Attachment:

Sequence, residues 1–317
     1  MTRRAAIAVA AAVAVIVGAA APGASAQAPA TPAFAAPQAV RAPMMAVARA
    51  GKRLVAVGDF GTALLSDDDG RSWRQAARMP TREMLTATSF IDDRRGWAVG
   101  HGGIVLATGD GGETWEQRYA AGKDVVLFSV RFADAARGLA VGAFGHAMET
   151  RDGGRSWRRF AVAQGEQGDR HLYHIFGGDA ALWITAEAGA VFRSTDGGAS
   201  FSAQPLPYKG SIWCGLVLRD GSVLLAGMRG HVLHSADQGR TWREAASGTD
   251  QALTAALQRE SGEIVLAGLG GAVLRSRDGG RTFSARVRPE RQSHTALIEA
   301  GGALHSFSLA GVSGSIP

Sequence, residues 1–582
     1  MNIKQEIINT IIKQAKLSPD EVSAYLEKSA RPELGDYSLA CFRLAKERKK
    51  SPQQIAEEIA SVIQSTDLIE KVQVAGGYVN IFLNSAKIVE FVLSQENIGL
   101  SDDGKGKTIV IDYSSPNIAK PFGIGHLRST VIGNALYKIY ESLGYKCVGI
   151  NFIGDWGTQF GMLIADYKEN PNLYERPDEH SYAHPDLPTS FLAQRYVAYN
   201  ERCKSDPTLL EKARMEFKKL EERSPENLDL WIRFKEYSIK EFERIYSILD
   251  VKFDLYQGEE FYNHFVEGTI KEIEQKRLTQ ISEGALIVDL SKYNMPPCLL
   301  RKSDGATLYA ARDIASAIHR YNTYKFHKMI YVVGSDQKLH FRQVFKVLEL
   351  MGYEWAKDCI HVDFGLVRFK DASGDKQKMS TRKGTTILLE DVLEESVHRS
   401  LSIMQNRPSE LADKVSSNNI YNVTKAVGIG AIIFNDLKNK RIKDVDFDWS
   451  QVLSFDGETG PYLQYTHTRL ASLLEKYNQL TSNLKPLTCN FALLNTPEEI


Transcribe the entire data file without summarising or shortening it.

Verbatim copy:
Sequence, residues 1–317
     1  MTRRAAIAVA AAVAVIVGAA APGASAQAPA TPAFAAPQAV RAPMMAVARA
    51  GKRLVAVGDF GTALLSDDDG RSWRQAARMP TREMLTATSF IDDRRGWAVG
   101  HGGIVLATGD GGETWEQRYA AGKDVVLFSV RFADAARGLA VGAFGHAMET
   151  RDGGRSWRRF AVAQGEQGDR HLYHIFGGDA ALWITAEAGA VFRSTDGGAS
   201  FSAQPLPYKG SIWCGLVLRD GSVLLAGMRG HVLHSADQGR TWREAASGTD
   251  QALTAALQRE SGEIVLAGLG GAVLRSRDGG RTFSARVRPE RQSHTALIEA
   301  GGALHSFSLA GVSGSIP

Sequence, residues 1–582
     1  MNIKQEIINT IIKQAKLSPD EVSAYLEKSA RPELGDYSLA CFRLAKERKK
    51  SPQQIAEEIA SVIQSTDLIE KVQVAGGYVN IFLNSAKIVE FVLSQENIGL
   101  SDDGKGKTIV IDYSSPNIAK PFGIGHLRST VIGNALYKIY ESLGYKCVGI
   151  NFIGDWGTQF GMLIADYKEN PNLYERPDEH SYAHPDLPTS FLAQRYVAYN
   201  ERCKSDPTLL EKARMEFKKL EERSPENLDL WIRFKEYSIK EFERIYSILD
   251  VKFDLYQGEE FYNHFVEGTI KEIEQKRLTQ ISEGALIVDL SKYNMPPCLL
   301  RKSDGATLYA ARDIASAIHR YNTYKFHKMI YVVGSDQKLH FRQVFKVLEL
   351  MGYEWAKDCI HVDFGLVRFK DASGDKQKMS TRKGTTILLE DVLEESVHRS
   401  LSIMQNRPSE LADKVSSNNI YNVTKAVGIG AIIFNDLKNK RIKDVDFDWS
   451  QVLSFDGETG PYLQYTHTRL ASLLEKYNQL TSNLKPLTCN FALLNTPEEI